Picking up the cut-throat razor as Sweeny Todd for this run is David Arnsperger (Phantom of the Opera, Jekyll and Hyde) whilst Janis Kelly (Albert Herring, Nixon in China) dons Mrs Lovett’s apron. Playing the role of Beadle Bamford is Wales’s own Aled Hall – who plays the role of Todd’s bullying, nasty secondary antagonist with aplomb – though the way his West Walian lilt seeps through his porous ‘cockerney’ accent stops his character from ever being truly menacing, is in-keeping with the production as a whole.
Director James Brining has managed a perfect equilibrium here between horror and comedy, marrying what are admittedly pretty scary themes, ideas and acts with a levity that allows the story to be palatable to all tastes, lets the production flow and keeps the audience engaged throughout. Though modernised and set in what looks like the late 70’s that the play was conceived and created in, it manages to keep that sinister Victorian feel that it was originally set in – with the asylum, throat-slashing and human-flesh pie eating scenes adding a gothic grotesqueness to proceedings.
Arnsperger’s slightly over-the-top portrayal of Todd achieves a queasy, uncomfortable feeling to complement the gothic-horror theme, leaving no-one under any illusions that the slings and arrows endured throughout his life (and mainly orchestrated by the evil Judge Turpin) have not sent him truly and terrifyingly mad. Whilst unquestionably a ‘proper’ opera, this production’s moments of musical theatre along with its fantastically lavish and gorgeous set make it ‘accessible’ to fans of all genre of theatre, arts, music and performance.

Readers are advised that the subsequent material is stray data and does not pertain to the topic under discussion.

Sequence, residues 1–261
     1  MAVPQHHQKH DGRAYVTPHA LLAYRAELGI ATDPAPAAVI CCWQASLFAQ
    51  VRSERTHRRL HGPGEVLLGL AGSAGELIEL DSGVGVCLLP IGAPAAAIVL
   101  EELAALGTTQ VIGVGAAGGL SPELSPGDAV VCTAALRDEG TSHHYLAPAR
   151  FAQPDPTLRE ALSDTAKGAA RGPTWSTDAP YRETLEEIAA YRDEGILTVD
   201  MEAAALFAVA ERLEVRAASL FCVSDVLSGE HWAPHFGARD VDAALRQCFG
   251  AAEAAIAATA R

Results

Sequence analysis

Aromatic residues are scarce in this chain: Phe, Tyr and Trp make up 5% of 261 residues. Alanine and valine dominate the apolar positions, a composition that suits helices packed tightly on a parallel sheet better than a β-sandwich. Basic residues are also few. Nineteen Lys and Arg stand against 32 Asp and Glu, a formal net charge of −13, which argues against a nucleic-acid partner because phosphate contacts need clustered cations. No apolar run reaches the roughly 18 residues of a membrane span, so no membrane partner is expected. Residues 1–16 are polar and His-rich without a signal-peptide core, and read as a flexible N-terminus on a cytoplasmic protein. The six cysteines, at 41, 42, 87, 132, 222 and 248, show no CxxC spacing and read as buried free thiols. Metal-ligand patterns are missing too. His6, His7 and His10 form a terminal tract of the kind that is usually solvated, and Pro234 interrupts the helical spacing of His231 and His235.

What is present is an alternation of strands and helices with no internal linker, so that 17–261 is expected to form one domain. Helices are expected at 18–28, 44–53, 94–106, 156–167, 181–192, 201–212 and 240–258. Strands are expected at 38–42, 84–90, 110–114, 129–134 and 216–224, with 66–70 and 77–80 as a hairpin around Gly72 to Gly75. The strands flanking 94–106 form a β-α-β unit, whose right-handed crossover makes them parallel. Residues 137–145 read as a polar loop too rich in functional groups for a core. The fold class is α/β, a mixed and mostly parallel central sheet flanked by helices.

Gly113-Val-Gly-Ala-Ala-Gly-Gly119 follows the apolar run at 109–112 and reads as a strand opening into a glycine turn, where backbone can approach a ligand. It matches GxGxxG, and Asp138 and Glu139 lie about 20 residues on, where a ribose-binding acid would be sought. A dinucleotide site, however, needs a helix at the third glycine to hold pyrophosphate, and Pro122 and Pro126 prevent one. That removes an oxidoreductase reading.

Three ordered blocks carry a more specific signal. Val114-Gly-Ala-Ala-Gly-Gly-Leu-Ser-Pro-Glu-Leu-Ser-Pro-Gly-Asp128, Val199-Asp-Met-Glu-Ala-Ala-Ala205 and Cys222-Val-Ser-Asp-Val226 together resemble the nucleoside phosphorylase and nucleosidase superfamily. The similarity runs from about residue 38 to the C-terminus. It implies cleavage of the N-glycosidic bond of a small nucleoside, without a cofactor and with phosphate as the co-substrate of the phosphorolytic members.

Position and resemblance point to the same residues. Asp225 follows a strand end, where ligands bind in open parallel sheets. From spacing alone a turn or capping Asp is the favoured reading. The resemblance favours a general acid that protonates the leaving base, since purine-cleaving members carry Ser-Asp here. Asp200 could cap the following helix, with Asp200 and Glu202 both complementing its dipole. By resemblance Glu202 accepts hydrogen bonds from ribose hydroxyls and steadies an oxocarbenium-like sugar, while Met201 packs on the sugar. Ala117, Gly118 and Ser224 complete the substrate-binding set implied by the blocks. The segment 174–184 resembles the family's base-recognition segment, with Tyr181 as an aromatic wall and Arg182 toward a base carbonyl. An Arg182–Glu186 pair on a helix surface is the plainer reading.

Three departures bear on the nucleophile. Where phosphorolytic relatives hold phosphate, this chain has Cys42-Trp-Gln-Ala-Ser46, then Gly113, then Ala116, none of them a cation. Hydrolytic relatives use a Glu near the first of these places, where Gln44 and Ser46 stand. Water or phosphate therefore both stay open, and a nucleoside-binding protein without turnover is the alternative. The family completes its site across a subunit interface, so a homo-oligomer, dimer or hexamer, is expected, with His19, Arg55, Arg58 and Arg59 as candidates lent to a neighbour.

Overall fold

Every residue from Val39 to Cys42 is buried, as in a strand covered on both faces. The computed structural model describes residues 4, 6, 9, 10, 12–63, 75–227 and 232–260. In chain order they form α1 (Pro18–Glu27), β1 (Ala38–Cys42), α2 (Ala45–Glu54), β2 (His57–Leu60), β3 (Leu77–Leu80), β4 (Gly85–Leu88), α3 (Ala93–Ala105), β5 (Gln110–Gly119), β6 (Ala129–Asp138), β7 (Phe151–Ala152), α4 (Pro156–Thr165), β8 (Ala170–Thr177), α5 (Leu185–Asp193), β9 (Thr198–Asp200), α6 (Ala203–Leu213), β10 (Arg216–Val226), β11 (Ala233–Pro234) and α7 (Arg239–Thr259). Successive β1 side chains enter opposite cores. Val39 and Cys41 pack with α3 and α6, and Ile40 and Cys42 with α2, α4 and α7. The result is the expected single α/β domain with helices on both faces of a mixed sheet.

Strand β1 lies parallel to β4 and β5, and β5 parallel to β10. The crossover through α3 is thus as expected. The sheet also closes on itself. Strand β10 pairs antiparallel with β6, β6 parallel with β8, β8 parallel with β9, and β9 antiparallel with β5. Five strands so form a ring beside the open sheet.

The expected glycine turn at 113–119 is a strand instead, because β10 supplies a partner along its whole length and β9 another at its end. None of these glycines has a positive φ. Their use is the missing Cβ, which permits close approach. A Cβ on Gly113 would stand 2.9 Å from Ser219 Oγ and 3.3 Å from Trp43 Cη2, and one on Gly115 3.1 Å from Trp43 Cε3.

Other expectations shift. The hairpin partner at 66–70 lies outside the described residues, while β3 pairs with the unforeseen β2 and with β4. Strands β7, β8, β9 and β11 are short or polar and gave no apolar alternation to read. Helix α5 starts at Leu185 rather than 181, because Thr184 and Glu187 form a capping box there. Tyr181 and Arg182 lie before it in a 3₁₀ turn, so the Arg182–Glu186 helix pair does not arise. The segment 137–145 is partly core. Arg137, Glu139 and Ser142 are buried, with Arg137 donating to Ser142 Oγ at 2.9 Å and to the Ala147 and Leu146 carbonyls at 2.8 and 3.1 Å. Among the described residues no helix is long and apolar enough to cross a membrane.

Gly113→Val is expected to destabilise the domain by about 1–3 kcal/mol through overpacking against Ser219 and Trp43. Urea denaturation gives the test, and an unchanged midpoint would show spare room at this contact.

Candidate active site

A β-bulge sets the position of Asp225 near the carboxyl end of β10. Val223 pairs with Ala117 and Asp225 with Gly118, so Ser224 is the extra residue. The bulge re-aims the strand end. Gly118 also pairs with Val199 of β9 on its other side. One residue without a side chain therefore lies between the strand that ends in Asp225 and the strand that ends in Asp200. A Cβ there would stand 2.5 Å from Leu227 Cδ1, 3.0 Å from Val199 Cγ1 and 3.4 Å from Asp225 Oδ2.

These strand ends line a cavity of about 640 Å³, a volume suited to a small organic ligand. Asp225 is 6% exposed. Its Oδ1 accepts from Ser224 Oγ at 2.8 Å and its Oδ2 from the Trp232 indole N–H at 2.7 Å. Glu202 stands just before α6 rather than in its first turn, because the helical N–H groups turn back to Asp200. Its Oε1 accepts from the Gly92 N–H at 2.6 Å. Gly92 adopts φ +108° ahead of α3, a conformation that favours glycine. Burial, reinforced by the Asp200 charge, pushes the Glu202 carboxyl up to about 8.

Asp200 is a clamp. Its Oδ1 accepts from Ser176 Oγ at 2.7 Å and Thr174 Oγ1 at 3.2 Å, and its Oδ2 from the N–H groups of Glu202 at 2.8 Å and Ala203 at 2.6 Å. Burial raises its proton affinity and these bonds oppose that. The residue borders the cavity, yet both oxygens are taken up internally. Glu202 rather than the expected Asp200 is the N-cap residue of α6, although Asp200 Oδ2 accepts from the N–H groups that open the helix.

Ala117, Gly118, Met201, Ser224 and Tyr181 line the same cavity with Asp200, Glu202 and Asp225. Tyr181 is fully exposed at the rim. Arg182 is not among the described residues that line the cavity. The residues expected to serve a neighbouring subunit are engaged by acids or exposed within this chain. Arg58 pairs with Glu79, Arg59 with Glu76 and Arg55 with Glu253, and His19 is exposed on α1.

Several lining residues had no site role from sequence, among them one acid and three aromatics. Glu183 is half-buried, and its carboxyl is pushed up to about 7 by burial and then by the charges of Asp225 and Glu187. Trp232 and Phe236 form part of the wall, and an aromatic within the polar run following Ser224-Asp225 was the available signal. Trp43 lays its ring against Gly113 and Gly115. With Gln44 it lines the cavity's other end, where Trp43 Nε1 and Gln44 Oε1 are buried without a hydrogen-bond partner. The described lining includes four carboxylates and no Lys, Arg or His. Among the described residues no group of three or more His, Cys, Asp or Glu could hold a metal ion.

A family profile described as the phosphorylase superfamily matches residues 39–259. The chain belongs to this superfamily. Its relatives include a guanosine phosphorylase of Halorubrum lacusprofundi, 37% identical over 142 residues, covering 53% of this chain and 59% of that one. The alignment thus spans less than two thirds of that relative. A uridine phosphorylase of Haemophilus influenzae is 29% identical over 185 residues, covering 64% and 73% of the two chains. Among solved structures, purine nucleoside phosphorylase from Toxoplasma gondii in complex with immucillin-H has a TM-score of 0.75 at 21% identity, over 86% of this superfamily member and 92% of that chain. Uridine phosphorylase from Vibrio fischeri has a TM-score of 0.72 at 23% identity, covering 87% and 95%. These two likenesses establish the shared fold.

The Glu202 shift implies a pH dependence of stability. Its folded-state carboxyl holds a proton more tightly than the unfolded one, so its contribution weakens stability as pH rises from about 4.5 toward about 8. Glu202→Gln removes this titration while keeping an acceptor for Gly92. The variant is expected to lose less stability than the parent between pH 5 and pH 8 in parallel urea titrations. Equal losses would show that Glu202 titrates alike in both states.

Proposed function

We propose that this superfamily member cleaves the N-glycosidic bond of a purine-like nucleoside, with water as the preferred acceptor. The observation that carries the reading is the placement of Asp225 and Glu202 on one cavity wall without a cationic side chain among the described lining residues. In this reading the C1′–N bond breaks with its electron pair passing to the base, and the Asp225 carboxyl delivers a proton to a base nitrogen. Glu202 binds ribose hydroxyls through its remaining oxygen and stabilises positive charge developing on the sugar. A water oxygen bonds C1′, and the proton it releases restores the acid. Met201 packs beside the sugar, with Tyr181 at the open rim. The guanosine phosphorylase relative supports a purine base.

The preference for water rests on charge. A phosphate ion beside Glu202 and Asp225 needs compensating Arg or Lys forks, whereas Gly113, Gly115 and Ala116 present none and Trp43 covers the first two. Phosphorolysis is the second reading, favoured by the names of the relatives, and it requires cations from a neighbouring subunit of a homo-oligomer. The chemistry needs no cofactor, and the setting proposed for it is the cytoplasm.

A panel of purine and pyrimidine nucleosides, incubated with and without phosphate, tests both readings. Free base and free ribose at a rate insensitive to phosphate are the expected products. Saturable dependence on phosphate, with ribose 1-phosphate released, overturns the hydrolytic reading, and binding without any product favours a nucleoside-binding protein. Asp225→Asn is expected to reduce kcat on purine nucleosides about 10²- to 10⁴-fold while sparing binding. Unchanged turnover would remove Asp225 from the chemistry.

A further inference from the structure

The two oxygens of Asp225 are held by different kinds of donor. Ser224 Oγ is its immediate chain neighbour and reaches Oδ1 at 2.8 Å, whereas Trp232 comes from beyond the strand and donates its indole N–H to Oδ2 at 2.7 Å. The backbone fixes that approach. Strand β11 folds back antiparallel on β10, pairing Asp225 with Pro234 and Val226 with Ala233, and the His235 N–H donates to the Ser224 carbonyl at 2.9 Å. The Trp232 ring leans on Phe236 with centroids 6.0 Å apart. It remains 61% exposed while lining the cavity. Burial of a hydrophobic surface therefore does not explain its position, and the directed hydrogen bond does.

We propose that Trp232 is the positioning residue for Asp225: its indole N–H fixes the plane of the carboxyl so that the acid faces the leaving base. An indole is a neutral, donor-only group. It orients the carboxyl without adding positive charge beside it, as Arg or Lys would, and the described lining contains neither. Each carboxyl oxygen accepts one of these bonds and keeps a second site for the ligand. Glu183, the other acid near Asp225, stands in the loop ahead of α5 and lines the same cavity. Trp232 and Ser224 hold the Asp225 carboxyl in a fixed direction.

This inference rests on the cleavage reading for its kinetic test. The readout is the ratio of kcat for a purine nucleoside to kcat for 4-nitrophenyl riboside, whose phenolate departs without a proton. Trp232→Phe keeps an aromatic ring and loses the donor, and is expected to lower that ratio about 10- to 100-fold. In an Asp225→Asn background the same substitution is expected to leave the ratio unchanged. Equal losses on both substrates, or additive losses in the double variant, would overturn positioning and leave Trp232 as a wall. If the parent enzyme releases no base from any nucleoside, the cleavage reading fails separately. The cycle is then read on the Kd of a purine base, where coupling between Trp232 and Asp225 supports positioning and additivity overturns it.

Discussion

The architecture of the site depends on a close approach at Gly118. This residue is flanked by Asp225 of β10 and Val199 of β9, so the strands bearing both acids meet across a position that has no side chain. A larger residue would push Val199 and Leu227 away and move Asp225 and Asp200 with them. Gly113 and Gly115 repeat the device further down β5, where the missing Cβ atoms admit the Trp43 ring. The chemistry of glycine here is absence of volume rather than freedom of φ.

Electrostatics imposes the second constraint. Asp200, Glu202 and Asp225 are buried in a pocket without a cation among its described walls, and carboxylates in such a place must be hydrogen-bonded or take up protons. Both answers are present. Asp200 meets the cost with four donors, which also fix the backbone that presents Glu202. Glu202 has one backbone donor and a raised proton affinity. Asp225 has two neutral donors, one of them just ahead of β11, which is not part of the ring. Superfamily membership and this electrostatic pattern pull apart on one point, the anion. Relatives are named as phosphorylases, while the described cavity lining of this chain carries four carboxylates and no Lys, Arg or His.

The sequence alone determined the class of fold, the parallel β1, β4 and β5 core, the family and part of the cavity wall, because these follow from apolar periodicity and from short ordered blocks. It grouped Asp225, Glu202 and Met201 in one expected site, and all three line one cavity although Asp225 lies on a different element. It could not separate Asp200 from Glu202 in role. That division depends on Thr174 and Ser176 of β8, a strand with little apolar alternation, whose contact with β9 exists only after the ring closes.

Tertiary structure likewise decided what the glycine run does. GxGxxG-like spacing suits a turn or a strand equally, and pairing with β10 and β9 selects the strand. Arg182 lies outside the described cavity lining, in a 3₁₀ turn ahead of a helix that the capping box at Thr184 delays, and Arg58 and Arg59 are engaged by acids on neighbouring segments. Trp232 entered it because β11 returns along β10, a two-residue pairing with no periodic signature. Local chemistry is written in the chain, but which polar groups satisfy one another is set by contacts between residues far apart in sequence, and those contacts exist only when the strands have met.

Wales Goes Pop!
The Gate, Cardiff
Now in its third year, Wales Goes Pop! serves a veritable feast of exciting new music together with some more established indie favourites between two stages over the Easter weekend.
Good Friday is anything but as traffic chaos means I miss out on a number of the earlier acts on the first day. However, when I do arrive, Californian Jen Schande, new wave trio Feature and the clever quirky punk of The Lovely Eggs lift my spirits. Indie veterans The Pooh Sticks deliver an energetic and joyously raucous performance that brings Friday to a close.
Echo Lake kick off proceedings on Saturday; a mixture of dreampop and heady electronica. Slightly hampered by a lack of a sound check, the later, heavier part of the set, whilst great, is perhaps a little too sonically challenging for some as they hot foot it to the café to catch Tigercats who, unable to fulfil their main stage slot earlier in the day due to car trouble (I can sympathise), play a blistering, if somewhat truncated, hit and run set.
The revelation of the day is Oscar. It’s the band’s live debut in Wales and they clearly revel in their set with most recent single Daffodil Days introduced as ‘their most Welsh song’. These are well-crafted, infectiously sharp and hook-filled tunes that get the crowd shape shifting.
PINS are an engaging, visceral and an edgy ensemble that makethe occasional foray into the crowd. When they invite everyone onto the stage for their final number, most are happy to oblige.